It would be a good gig being Luke Beveridge’s agent about now.
The guy seems to have a Midas touch, combining the courage to make tough choices and the intelligence to know which tough choices to make. Having only taken over at the Bulldogs two years ago, with the club reeling from a string of high-profile exits, to oversee such a dramatic turnaround was quite incredible.
Aside from his obvious talent as an AFL coach, the guy appears to be all class. His symbolic gesture in giving his premiership medallion to Bulldogs’ injured captain, Robert Murphy, was one of sport’s special moments that will be remembered and talked about perhaps as much as the memorable game itself.
Some may say for a coach who already had three premiership medals, giving another up might have meant less, but to me that changes little and kind of misses the point. Even the most simple acts of generosity and kindness are often magnified in their impact on the person receiving them.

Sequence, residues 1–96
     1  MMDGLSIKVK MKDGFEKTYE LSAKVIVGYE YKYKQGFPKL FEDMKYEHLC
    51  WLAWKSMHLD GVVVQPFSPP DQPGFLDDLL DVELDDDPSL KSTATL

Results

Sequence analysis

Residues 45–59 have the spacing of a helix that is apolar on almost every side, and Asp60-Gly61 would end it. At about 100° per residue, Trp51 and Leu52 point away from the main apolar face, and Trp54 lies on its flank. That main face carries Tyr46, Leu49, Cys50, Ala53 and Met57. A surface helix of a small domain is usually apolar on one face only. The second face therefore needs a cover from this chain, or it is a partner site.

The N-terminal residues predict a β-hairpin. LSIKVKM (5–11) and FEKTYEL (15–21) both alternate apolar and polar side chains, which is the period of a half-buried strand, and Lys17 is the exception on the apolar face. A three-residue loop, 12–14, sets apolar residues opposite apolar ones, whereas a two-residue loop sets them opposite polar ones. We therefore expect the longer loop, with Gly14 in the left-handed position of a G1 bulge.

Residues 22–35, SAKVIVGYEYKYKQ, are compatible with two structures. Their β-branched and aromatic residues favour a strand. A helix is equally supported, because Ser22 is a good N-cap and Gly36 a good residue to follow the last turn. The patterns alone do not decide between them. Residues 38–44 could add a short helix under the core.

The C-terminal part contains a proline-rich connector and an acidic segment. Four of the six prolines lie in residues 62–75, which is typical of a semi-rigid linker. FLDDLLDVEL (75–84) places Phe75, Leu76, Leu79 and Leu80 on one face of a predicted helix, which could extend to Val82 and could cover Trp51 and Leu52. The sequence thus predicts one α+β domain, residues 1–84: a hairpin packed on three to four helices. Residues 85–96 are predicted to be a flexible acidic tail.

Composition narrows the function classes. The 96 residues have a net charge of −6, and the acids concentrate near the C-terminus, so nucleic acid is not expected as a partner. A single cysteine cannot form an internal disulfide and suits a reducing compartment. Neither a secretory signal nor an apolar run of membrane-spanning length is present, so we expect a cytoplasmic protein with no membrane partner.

The debate that occasionally comes up in the AFL about whether players who don’t play in the Grand Final should still get a medallion overvalues the importance of the medal itself. Medal or not, all those who have been part of the Bulldogs’ squad this year know what part they have played and those who played in the final know how much of a contribution they made on the day. Beveridge’s gesture meant a lot more to Murphy because it was a public recognition of the important contribution Murphy has made as captain and mentor to the young and developing group of players who were able to win without him on the day.
Well played Luke Beveridge and your team. Thanks for providing such a beautiful and enduring memory of this Grand Final Day.